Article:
Boötes is a dominant Spring constellation featuring the bright star Arcturus. While the constellation represents a hunter or herdsman, the asterism resembles more a kite flapping away in the Spring breezes. Boötes is celebrated as having some of the loveliest binaries in all the heavens.
Alpha Boötis is better known by its name Arcturus, which is a variant of its Greek name meaning the Guardian of the Bear (that is, the Great Bear of the North -- Ursa Major). In fact in Greek ‘bear’ and ‘arctic’ are similar: arktoV (arktos) and arktikoV (arktikos).
Arcturus is a golden giant, about twenty times the size of the Sun. It's also a binary. With its companion it has a combined visual magnitude of -0.05, making it the fourth brightest in the skies. It's most convenient to begin studying the constellation right here at Arcturus. An arrow-shaped asterism at its west, just out of the FOV with Arcturus, forms the left foot of Boötes the Hunter.
Beta Boötis is ‘Nikkar’ The Herdsman. This yellow giant forms the top of the kite (or head of the Hunter if you wish). From mu Boötis move to the northwest a little over one FOV. Due north eight degrees is the popular binary known as Struve 1909 (or 44 Boötis). This eccentric and rapidly moving binary is currently quite accessible for medium to large telescopes, with a position angle of 54º and a separation of 2.2". With a combined visual magnitude of 4.8, it's the brightest star in a group of three. Back at beta Boo, due east--just barely in the same FOV -- is the pleasant binocular pair nu1 (white) and nu2 (orange). These two are unrelated, they don't form a true binary, but nevertheless make an attractive pair.
Epsilon Boötis is a very fine double with contrasting colours, a yellow primary and blue-green companion (2.7, 4.9). The position angle is 339º and separation 2.8". Epsilon is the second brightest star in the constellation, and is easily found with the naked eye, northeast of Arcturus and forming the apex of a gentle triangle along with Arcturus and Alphecca (alpha Coronae Borealis), to the east.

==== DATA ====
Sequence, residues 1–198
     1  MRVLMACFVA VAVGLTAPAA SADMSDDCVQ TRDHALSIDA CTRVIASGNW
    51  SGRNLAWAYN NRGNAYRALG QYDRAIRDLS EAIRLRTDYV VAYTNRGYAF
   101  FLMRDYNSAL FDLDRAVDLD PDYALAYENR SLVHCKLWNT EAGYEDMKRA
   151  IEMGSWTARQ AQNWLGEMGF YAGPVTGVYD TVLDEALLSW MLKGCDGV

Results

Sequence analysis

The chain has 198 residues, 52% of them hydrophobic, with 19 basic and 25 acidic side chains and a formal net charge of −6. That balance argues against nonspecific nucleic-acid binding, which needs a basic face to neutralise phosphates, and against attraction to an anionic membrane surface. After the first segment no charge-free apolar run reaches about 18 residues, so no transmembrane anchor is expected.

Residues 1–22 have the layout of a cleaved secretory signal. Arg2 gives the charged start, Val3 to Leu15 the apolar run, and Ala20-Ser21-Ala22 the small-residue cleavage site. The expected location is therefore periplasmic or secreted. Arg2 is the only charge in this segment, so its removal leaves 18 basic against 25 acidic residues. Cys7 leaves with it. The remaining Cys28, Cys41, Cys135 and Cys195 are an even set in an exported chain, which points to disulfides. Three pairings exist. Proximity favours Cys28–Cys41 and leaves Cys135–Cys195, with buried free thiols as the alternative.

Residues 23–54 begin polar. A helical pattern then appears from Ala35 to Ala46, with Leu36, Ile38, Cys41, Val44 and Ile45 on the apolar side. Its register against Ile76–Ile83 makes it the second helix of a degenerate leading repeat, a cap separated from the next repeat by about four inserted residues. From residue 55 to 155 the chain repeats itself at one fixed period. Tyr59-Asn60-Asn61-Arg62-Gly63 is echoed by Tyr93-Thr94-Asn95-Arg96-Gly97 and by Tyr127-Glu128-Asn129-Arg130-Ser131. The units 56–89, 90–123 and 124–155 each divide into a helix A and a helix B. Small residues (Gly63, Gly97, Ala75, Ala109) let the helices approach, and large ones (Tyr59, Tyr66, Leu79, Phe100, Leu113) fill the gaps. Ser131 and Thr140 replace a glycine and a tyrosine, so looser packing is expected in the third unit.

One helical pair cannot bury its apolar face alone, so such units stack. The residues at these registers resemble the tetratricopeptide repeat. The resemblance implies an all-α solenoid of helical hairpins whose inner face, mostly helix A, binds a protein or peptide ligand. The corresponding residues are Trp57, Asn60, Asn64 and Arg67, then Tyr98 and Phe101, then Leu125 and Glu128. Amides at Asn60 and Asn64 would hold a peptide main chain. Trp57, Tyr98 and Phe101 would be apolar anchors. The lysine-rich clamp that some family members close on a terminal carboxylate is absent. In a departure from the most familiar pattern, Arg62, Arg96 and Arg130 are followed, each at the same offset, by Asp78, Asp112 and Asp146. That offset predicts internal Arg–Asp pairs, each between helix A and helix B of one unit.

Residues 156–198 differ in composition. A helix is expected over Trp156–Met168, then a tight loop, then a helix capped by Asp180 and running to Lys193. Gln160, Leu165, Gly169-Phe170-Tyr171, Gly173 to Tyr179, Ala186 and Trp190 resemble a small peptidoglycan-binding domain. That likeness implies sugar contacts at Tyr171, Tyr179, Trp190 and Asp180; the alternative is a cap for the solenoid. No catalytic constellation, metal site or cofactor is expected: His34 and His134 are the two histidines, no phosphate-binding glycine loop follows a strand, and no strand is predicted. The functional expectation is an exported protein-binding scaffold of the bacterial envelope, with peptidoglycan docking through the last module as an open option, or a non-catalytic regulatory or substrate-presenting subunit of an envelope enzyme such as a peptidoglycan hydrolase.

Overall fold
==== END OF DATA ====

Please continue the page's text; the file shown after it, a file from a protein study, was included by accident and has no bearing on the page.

Kappa Boötis is yet another very attractive binary with colour contrast, a yellow primary [kappa2 (4.5)] and deep blue companion [kappa1 (6.6)]. The companion is fixed at a position angle of 235º and separation 13.4". Kappa is easily found by starting at the tip of the handle of the Big Dipper (eta UMa). With this star at the southwestern edge of your glasses, kappa is northeast.
Iota Boötis is in the same FOV, southwest of kappa. Iota is an easy binocular double -- visual magnitudes 4.8 and 7.5, a position angle of 33º and separation of 38.5".
Mu Boötis is a wonderful triple system. Binoculars show the first companion (7.1) but you'll need a medium sized telescope to reveal that this companion also has its own companion (7.7 mag) with a 246 year orbit. The 2000 PA is 7º and the separation (2.1") is near its maximum. Mu Boo is found by moving up the eastern edge of the kite-shaped asterism eleven degrees northwest of epsilon. In the same field is delta. You'll note that beta Boötis is in the same region, just out of view to the northwest.
Xi Boötis is a marvellous binary for small telescopes: a yellow primary and orange companion (4.8, 7.1). The companion orbits every 151 years, describing a perfectly egg-shaped orbit. Unlike most rapidly orbiting binaries, the companion is at a quite wide separation. Currently the position angle is 321º and the separation 6.8". Xi Boo is two fields of view east of Arcturus, or starhop from pi Boo:
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